I’ll also still share my thoughts on writing with my patrons, of course, including my mentoring students and my first readers. Those folks have skin in the game.

But let me state definitively, I will never share anything that I haven’t personally practiced and advanced. I will only share what I know (from long practice) works for me and what I hope might work for you if you will only try it.

So that’s the What It Is on that. (grin)

Today I rolled out early again, but I spent an inordinate amount of time deciding about the stuff above, then actually writing it, then stomping out a few forest fires. (grin) My boots are getting really thin-soled.

The upshot is, this probably will not be a fiction-writing day for me.

Talk with you again soon.

Of Interest

See “Mastering the Basics: Point of View and Dialogue” at

See “POV 101: Get into Your Protagonist’s Head and Stay There” at

See “POV 102 – How to Avoid Head-Hopping” at

See “POV 103 – Engage Your Readers with Deep Point of View” at

See “Writing into the Shadows” at

The Numbers

Fiction words today…………………… XXXX
Nonfiction words today…………… 850 (Journal)

Writing of The Three-Year Turn (novel)

Day 1…… 3570 words. Total words to date…… 3570
Day 2…… 4026 words. Total words to date…… 7596
Day 3…… 4251 words. Total words to date…… 11847
Day 4…… 2117 words. Total words to date…… 13964
Day 5…… 3139 words. Total words to date…… 17103
Day 6…… 3191 words. Total words to date…… 20294
Day 7…… 3220 words. Total words to date…… 23514
Day 8…… 4866 words. Total words to date…… 28380

Total fiction words for the month……… 37969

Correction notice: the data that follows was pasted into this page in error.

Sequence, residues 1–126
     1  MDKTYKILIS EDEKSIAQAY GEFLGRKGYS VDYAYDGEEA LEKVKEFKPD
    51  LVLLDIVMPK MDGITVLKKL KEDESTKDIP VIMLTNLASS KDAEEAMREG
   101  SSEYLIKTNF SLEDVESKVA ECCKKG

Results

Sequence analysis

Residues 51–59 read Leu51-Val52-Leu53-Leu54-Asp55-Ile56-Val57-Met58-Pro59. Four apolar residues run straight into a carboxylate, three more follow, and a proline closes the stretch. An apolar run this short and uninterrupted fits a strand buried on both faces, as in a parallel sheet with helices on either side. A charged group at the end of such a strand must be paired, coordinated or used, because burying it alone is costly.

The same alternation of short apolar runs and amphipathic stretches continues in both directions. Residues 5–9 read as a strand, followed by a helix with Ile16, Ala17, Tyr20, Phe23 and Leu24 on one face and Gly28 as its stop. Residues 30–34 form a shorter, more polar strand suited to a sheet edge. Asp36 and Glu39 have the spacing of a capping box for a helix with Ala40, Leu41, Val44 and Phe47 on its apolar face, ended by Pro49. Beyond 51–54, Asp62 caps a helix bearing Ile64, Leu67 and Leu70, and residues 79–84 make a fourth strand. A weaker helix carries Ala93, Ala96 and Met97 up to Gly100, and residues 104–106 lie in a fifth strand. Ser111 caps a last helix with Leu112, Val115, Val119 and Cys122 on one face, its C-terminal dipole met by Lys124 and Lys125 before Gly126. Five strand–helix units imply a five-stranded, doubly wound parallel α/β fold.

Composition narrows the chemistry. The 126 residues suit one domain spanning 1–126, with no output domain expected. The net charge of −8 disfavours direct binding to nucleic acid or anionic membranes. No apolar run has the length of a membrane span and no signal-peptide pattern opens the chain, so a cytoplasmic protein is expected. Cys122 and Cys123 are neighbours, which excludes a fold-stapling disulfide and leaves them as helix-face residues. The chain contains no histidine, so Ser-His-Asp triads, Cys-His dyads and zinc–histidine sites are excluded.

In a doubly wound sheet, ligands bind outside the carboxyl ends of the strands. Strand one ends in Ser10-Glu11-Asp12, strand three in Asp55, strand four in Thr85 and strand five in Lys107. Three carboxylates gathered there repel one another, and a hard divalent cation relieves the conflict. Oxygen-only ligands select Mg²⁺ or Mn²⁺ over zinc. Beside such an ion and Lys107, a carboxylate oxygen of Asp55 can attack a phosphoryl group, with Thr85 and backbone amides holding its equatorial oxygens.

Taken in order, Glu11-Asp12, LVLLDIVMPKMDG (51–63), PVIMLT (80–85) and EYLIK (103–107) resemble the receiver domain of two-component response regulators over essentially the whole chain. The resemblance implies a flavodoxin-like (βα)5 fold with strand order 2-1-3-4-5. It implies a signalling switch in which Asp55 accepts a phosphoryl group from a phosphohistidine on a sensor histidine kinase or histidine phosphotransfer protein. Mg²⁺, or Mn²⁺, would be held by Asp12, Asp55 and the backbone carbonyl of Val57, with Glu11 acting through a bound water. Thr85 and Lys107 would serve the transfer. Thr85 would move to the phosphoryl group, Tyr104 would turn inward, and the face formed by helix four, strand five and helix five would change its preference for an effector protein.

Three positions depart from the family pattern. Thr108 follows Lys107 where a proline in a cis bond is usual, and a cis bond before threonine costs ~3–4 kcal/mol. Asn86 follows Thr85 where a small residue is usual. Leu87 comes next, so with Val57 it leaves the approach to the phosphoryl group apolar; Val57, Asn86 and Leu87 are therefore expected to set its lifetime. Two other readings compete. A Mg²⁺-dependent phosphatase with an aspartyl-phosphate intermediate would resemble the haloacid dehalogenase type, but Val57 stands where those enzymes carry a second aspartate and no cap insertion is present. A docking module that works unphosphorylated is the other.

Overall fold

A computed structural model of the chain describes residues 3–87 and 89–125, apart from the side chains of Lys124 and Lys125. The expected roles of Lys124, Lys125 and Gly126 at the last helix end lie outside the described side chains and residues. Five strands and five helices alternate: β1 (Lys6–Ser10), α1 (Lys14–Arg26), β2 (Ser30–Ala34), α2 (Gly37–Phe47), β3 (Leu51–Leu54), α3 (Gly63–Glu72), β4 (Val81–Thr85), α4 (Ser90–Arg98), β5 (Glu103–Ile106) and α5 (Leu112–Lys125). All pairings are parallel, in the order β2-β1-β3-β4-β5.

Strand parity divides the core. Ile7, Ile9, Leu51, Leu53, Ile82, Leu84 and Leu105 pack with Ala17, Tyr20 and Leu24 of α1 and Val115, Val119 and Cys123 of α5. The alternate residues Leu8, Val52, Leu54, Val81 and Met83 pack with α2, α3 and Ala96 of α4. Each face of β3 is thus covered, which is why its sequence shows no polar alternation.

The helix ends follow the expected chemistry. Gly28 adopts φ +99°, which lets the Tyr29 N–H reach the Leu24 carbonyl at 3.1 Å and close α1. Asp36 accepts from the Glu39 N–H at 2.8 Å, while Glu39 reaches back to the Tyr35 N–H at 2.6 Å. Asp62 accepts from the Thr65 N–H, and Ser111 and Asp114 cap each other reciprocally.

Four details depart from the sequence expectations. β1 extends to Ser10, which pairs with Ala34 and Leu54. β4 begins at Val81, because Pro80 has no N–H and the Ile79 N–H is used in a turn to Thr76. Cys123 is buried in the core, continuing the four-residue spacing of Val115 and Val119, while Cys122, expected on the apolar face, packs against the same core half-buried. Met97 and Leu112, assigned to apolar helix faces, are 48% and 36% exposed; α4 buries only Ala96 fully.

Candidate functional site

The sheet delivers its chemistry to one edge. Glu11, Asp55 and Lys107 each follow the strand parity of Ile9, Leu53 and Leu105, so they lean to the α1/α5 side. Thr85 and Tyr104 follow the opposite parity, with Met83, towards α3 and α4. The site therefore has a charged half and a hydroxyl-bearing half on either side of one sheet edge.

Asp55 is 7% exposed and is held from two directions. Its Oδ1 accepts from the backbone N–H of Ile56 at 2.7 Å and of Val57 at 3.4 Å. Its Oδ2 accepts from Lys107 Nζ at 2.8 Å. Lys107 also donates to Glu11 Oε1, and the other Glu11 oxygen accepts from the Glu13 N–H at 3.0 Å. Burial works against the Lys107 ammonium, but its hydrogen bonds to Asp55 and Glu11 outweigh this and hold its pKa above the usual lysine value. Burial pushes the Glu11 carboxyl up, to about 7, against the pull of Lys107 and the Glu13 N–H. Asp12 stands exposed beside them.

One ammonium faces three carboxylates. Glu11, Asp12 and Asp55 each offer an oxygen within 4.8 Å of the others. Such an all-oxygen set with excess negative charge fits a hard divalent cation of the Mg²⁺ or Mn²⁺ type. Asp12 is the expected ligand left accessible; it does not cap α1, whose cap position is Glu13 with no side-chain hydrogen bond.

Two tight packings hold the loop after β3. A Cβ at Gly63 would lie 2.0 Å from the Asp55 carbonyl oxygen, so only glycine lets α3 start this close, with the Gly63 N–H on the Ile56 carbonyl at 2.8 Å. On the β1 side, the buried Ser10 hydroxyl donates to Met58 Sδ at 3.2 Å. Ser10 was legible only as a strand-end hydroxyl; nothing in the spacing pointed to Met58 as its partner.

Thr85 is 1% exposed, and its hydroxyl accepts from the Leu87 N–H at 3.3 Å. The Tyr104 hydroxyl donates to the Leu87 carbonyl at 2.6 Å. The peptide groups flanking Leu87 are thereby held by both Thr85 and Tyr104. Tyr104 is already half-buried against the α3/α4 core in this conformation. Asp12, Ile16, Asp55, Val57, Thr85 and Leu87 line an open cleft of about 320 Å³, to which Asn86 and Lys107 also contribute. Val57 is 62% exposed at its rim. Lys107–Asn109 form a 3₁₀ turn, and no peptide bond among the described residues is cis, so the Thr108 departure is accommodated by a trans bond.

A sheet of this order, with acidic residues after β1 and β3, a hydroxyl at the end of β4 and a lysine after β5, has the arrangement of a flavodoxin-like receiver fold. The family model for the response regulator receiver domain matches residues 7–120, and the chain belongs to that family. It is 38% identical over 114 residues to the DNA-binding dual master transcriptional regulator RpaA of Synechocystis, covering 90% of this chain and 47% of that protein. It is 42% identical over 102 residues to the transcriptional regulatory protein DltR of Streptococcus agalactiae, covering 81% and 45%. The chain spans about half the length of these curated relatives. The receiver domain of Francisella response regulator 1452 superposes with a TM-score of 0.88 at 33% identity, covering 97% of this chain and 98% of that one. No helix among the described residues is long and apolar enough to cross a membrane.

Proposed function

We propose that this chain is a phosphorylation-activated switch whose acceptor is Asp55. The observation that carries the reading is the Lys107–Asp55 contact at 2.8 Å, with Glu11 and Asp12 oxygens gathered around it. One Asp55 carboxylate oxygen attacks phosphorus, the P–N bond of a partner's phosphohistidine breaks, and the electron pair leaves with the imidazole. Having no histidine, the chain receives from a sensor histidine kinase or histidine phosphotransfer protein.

Total fiction words for the year………… 103513
Total nonfiction words for the month… 10720
Total nonfiction words for the year…… 41980
Total words for the year (fiction and this blog)…… 145493

Calendar Year 2020 Novels to Date…………………… 2
Calendar Year 2020 Novellas to Date……………… X
Calendar Year 2020 Short Stories to Date… 5
Novels (since Oct 19, 2014)…………………………………… 47
Novellas (since Nov 1, 2015)………………………………… 8
Short stories (since Apr 15, 2014)………………… 201
Short story collections……………………………………………… 31

4 thoughts on “The Journal: Change Is in the Wind”

  1. Thanks, Harvey. I bookmarked all the POV articles to revisit from time to time as reminders. When you get my age (69 in six days), you forget what you had for breakfast sometimes.

  2. I don’t think you talk too much. I visit to hear (read) the insightful words you have to say.

    “It’s none of their business…” Exactly. You may be born to do so, but every writer must still hone their craft.
    If writers don’t at least imply there was some effort involved (not that there isn’t) they’re often perceived as dreaming doodlers. It is for the skeptics that I practice sweating on demand 😉

    Any time I feel anxious by something I’ve previously written I remind myself how far I’ve come to realize it.

    Because it looks so good on you, I’ve started keeping weekly word counts. Because it doesn’t always add up to my own expectations, I’m wondering if you (okay, I) count long emails?

    • Thanks, Diedre. Nope. In fact, I wrote a few hundred words in an email this morning to a mentoring student and didn’t count that. Not even sure how much I wrote in that.

      When I feel anxious over something I’ve written I just remember I’m the worst possible judge of my own work, whether I think it’s good or bad. 🙂

      I count my fiction words and nonfiction words separately (for the month and year to date) and my nonfiction the same way. In my nonfiction totals I count the Journal (from the first line down through the Of Interest section only). If I write a nonfiction book or if I write a separate post for another blog I count that, but most often just the Journal.

      There’s effort in Learning to write, but once you learn writing into the dark, the actual writing is fun. Unless you count as effort the tapping of your fingers on the keyboard. (grin)